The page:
Among the young attendees was Jamal Brandon, a senior at Halifax High School, a member of JROTC, and a star Comet football player. Accompanied by his mom, Nakisha, Brandon spoke of his dream of earning a college scholarship and a chance to play football after high school. Acknowledging that he is “someone that other students look up to”, the Comet standout said he embraces the “power to make it a good day or a bad day in class …” Brandon said he wished that the entire football team could have joined him for the program.

Joshua Barley, an eighth-grade student at Halifax County Middle School, attended with his mentor Harry Stephens. Soft-spoken and thoughtful, with the bearing of a young scientist-in-training, Barley said his dream is to design cars. Asked why he attended the program, Barley did not hesitate: “To learn about myself … learn to be a man, a gentleman, and learn about life.” Stephens said he appreciated the speakers’ focus on imparting critical life skills not generally taught anywhere else.

Saturday’s event also drew an adult participant, Halifax County High School football coach Grayson Throckmorton. Wryly observing that he was there “for the benefit of me,” Throckmorton sought to reinforce the message delivered by the two Army officers: Self-respect, resilience and positive values are necessary for success in sports and in life. The Comet football program works with its players to instill those principles, too.

Angela Yancey, director of Mentor Role Model, arranged Saturday’s event. Yancey has organized many “esteem” focused programs for girls, but admits that doing the same for boys has been a challenge. Out of 128 mentees referred to her organization, most are female. Yancey believes girls naturally get more undivided attention, but that for boys, it is assumed “he’s a boy, he’ll be okay.”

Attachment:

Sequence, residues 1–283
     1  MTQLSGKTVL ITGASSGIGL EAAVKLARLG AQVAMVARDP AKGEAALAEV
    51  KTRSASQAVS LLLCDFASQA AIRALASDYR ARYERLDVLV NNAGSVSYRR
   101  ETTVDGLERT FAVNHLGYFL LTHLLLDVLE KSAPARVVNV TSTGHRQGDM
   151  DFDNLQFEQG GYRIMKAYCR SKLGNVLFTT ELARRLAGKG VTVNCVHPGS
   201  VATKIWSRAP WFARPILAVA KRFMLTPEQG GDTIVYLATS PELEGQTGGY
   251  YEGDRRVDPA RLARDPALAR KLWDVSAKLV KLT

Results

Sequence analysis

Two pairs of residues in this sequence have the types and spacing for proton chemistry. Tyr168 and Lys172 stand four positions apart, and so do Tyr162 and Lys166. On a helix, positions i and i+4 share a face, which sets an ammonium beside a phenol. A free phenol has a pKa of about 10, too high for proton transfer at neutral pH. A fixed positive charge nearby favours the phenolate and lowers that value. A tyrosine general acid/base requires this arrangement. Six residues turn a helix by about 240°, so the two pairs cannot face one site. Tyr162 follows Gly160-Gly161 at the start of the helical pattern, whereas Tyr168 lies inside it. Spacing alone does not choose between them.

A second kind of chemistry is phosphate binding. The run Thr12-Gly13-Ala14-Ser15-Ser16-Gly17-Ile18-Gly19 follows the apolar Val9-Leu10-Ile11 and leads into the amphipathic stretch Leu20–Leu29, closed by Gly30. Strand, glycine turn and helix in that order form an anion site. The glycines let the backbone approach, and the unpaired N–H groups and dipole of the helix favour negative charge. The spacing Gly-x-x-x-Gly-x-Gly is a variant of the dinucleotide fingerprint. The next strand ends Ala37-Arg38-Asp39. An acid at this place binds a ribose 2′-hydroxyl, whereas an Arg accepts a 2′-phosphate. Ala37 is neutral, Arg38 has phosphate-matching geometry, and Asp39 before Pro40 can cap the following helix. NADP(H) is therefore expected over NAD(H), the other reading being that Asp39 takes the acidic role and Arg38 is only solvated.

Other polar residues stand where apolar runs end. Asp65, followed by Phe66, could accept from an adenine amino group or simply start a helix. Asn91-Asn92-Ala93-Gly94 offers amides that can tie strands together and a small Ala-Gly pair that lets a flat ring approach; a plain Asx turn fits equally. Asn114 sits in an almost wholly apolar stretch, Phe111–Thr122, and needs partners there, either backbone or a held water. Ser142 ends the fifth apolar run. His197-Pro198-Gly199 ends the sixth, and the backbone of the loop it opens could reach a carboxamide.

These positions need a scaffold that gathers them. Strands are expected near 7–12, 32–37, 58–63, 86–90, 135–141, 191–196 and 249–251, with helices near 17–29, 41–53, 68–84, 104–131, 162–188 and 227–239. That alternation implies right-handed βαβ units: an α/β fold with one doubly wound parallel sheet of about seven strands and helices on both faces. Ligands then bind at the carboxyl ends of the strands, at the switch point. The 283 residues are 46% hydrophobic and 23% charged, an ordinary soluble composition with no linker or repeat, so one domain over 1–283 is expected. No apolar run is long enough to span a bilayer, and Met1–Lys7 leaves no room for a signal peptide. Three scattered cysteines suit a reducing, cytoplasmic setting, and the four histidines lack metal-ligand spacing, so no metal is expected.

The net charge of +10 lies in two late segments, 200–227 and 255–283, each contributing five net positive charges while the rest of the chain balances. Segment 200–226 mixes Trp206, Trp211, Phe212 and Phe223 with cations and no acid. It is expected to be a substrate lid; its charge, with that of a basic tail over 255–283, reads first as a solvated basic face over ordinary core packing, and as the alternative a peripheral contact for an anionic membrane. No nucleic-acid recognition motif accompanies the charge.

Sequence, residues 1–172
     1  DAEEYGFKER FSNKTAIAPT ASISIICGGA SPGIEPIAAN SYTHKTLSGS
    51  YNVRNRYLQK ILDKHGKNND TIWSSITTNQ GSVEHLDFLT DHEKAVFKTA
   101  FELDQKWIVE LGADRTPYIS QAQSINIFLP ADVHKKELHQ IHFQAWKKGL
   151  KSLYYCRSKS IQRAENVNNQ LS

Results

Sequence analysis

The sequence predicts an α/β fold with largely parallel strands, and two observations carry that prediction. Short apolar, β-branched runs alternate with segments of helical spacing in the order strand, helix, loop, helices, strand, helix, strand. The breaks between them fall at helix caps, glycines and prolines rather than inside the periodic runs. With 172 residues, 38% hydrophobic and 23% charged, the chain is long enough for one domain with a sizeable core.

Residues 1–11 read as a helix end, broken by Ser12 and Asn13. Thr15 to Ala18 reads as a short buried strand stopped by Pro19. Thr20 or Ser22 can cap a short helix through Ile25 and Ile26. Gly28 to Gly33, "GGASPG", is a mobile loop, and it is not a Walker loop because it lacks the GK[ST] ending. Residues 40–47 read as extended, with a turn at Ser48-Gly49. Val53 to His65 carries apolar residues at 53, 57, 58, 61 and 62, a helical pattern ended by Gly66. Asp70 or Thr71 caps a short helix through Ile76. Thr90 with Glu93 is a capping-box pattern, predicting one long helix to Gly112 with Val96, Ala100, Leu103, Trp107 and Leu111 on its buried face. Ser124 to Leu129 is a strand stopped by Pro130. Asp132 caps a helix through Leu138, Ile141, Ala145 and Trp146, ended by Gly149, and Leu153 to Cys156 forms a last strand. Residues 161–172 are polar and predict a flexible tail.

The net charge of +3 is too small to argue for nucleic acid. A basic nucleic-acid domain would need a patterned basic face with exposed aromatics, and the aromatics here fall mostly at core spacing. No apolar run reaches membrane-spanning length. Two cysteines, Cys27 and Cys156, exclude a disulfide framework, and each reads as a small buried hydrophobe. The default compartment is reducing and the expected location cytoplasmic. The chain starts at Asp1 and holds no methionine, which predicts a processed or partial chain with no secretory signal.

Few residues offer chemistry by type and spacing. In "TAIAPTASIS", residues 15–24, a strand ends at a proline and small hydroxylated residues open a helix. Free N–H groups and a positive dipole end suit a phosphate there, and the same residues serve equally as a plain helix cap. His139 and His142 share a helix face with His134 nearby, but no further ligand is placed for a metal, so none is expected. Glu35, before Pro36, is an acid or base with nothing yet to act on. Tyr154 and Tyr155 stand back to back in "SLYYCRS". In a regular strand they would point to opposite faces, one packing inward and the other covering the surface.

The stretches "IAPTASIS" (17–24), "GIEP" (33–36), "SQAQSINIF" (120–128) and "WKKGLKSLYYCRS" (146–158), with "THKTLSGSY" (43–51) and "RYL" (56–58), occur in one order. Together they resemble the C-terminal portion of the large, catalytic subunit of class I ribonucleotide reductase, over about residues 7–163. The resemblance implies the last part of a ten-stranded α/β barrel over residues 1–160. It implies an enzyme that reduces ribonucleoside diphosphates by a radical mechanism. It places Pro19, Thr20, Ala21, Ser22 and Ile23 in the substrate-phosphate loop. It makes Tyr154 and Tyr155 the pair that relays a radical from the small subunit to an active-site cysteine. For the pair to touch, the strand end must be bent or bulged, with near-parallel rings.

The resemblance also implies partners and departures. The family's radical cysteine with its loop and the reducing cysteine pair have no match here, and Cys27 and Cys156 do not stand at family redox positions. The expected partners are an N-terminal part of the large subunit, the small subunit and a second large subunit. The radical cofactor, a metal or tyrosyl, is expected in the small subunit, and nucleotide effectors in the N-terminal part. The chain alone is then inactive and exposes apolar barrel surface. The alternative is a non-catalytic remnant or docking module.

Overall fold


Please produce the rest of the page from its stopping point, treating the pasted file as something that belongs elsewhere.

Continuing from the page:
Aware of the need, and worried about at-risk boys falling through the cracks, Yancey created the Boys2Men program under the Mentor Role Model umbrella. She enlisted the help of 1st Sgt. Greg Scott, drill coordinator for Halifax High School’s JROTC program. Scott’s friendships with the visiting Army officers made Saturday’s event possible.

Bailey and Boyd teamed up to form Spoken Exchange about a year ago. One night, over dinner, they shared experiences and talked about the common life challenges that youth and adults alike share with them. Vowing to “do something,” they agreed to use their free time going around and speaking to youth groups, and Spoken Exchange was born. Part of their outreach involves conducting seminars such as the one in Halifax County on Saturday.

Both men praised the youth who attended as being smart and self-aware. Asked what they hoped the boys would walk away with, Bailey said: “If they grab one thing from the presentation and use it now, we consider it a win.”

And what benefit do the speakers gain from the experience? “Touching a life,” Boyd quickly replied. Another program with Boyd and Bailey is in the works — for spring.